Canada did not repatriate its close to 61 thousand dead service men and women during WW1. Throngs of Canadians did not line highways as they do today, paying their respects as hearse after hearse carries bodies home to cities and small towns across the country. The overwhelming number of dead made repatriation virtually impossible.
Initially the dead of the First World War were buried on or near the battlefields where they fell, often in mass graves, marked with simple wooden crosses.
In May of 1917 the Imperial War Graves Commission was established to design and construct cemeteries and memorials. The war dead are now commemorated on white headstones, uniformly and equally, irrespective of military or civil rank, race or creed. Red roses, not poppies, decorate the graves.
In the summer of 2019, my husband and I, together with, my husband’s cousins Elaine and Max Shane , took a coach tour from England to visit the Western Front Battlefields in France and Belgium. Knowing so little of WW I battles, this tour was an eyeopener for me. But any tour to the battlefields inevitably meant visits to cemeteries.
The tour stopped at the largest cemeteries and memorials such as Tyne Cot Cemetery, the Ploegstreert Memorial, Newfoundland Park and even a German cemetery at Langemark. It was the small cemeteries, however, that captured my attention. Hundreds can be found in towns and villages and along the roads and highways we travelled. Some gravestones appear to be right in the backyards of the homes of the living.
My son’s great uncle, Lloyd William Tarrant, is buried in the small cemetery of Bedford House in Belgium, 2.5 km south of Ypres on the road to Armentieres. It was not a scheduled stop but the tour guide kindly pointed it out to me.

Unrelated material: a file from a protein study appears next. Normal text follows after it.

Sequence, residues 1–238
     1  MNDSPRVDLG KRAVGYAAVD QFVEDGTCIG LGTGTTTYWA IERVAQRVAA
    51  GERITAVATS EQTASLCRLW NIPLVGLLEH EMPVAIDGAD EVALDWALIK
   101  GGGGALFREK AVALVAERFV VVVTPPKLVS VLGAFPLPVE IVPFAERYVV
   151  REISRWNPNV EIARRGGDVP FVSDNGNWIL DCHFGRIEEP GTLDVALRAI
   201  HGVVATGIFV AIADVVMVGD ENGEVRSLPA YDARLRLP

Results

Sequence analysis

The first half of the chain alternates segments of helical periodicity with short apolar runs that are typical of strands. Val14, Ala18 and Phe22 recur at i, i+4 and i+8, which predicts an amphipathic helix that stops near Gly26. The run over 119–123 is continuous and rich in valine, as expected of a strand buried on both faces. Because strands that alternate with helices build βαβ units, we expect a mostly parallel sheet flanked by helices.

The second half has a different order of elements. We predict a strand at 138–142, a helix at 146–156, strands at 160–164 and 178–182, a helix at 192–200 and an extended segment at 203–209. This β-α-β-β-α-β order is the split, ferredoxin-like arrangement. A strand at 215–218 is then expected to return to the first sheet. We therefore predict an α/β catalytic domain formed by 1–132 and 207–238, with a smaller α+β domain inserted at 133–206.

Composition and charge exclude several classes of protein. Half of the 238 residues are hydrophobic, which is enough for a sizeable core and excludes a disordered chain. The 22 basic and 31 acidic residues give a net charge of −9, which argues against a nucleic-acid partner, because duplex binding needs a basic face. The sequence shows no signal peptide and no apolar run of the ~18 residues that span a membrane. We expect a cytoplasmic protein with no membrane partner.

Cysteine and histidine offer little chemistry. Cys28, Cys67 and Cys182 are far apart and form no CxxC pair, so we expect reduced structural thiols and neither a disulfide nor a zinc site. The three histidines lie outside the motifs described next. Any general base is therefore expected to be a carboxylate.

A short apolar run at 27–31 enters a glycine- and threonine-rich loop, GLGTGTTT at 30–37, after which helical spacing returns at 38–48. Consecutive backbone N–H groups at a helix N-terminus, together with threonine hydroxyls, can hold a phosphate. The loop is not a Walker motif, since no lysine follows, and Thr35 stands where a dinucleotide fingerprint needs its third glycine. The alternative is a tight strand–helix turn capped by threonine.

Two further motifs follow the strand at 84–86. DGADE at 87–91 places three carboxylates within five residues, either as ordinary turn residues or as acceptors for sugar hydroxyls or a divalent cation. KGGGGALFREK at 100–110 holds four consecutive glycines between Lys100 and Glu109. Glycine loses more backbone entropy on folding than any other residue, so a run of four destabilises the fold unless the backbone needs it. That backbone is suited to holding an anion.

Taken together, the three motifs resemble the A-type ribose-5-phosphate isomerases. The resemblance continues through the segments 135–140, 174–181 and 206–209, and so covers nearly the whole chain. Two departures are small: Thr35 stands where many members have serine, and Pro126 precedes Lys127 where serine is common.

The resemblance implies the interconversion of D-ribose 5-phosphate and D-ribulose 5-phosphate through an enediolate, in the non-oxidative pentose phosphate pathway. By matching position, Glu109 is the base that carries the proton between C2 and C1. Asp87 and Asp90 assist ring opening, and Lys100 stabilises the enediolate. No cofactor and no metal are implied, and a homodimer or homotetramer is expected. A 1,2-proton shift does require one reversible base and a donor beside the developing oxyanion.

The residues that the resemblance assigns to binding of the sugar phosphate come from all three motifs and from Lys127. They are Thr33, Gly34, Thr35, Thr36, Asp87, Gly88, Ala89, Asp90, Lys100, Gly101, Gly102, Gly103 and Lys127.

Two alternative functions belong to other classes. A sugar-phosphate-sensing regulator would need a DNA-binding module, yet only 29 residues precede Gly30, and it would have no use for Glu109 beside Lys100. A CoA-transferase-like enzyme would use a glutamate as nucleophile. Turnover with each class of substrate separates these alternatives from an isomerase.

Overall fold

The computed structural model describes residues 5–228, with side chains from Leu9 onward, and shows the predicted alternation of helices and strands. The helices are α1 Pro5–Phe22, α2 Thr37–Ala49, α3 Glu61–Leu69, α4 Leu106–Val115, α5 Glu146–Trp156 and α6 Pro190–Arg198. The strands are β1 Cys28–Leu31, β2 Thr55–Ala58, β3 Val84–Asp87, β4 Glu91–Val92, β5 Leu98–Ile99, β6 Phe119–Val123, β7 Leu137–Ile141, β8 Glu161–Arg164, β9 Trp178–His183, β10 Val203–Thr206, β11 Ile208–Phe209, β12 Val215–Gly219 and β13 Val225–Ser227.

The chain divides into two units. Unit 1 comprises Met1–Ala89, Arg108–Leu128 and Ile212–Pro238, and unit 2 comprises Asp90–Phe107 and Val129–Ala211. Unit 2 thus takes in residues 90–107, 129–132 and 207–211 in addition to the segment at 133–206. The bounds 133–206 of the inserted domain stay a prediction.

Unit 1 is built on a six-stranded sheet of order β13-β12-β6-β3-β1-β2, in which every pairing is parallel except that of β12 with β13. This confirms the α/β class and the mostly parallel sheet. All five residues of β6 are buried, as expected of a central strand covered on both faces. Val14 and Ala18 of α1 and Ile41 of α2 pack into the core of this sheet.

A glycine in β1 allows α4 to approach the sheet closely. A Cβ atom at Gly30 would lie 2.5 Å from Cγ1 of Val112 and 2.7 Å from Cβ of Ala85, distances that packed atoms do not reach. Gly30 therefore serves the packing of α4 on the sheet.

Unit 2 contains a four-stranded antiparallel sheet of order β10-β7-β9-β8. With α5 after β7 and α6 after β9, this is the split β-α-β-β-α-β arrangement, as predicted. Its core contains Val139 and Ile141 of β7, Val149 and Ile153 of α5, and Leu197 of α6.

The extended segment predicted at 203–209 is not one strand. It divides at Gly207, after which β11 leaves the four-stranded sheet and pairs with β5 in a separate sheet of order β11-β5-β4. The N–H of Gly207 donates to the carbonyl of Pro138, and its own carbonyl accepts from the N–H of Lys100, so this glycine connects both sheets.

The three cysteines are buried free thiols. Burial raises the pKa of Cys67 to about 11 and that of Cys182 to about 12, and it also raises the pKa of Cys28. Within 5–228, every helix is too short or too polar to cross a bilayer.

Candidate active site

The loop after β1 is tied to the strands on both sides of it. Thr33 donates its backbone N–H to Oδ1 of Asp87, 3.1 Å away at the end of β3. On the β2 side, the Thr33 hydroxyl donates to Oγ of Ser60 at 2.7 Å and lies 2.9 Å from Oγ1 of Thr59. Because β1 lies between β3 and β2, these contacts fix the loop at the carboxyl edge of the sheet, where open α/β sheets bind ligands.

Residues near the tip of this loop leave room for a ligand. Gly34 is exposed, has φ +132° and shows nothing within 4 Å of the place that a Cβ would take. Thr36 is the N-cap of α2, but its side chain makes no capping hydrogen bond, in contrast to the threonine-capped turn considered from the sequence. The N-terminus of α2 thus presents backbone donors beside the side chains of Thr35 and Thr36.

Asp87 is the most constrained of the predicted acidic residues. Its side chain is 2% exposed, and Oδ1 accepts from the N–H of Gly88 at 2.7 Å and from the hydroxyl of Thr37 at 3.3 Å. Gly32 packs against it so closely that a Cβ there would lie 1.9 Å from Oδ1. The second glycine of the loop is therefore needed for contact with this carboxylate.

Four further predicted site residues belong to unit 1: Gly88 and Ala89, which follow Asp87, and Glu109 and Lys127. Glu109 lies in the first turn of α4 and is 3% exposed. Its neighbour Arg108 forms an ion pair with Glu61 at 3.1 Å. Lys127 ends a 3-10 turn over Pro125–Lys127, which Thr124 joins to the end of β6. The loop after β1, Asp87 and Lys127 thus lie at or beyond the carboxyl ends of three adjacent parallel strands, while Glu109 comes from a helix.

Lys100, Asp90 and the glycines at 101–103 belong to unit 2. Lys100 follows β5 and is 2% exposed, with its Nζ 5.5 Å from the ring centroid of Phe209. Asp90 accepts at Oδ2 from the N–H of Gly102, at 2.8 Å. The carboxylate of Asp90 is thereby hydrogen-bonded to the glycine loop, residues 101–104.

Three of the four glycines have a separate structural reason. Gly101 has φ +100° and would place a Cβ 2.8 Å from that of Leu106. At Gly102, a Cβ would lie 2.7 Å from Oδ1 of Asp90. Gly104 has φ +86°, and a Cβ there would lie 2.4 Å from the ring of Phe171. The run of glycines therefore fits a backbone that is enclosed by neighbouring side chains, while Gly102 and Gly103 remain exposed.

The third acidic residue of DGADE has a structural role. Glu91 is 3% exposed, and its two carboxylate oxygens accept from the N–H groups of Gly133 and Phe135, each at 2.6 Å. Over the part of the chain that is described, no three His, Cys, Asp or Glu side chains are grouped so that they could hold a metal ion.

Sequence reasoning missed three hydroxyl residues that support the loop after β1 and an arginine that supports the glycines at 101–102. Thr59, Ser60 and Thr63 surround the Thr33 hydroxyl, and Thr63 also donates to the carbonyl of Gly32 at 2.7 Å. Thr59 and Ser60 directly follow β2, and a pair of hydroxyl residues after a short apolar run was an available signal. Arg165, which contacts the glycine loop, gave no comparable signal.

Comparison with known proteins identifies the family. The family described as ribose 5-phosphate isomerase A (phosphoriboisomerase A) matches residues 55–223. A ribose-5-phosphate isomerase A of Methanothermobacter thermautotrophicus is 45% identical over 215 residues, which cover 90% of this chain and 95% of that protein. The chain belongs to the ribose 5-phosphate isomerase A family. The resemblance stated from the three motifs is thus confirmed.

Lloyd died at Mount Sorrell sometime between June 2nd and June 3rd, 1916. (see Boy Soldier of The Great War at http://www.genealogyeemsemble.com) The mount was the only high ground retained by the Allies from the fighting of the previous year. It was of strategic importance and a key target for the Germans. On the morning of June 2nd, a furious bombardment was unleashed against the Canadian Third Division defending Mount Sorrell and simultaneously four huge mines were exploded under the mount.
Trenches and their defenders vanished. Only 76 of the 702 men of the 4th Canadian Mounted Rifles, Lloyd’s regiment, survived. It was not before several more battles over a two weeks period with a total of 8 thousand casualties that, on the 13th of June, the Allies regained their lost positions.
It is assumed that, as the bodies of those slain at Mount Sorrel were found and identified, they were buried nearby, their graves marked with the ubiquitous wooden crosses. Many bodies, or pieces of bodies, likely shared a common grave.
In 1923, Lloyd’s mother received a letter telling her that her son’s body had been reburied at Bedford House Cemetery.
Bedford House was the name given by the army to Chateau Rosendal, a country house in a small wooded park with moats, that was confiscated to use as a clearing station for men wounded at the front. Those who died at the station before they could be moved on to hospitals for further treatment were buried there. More bodies were added, particularly between 1916 and 1918. Enclosure #4 where Lloyd is buried is the largest of six enclosures. Three thousand bodies were brought in from other burial grounds and from the battlefields of the Yves Salient, battlefields like Mount Sorrell.
Almost two thirds of the graves at Bedford House are unidentified. Lloyd’s family is one of the lucky ones in that they know where his body lies. The saddest words on a gravestone are A Soldier of the Great War Known only to God.
Remembrance Day drawing by Evelyn Tarrant (age 9), great great niece of Private Lloyd William Tarrant
Service file of Lloyd William Tarrant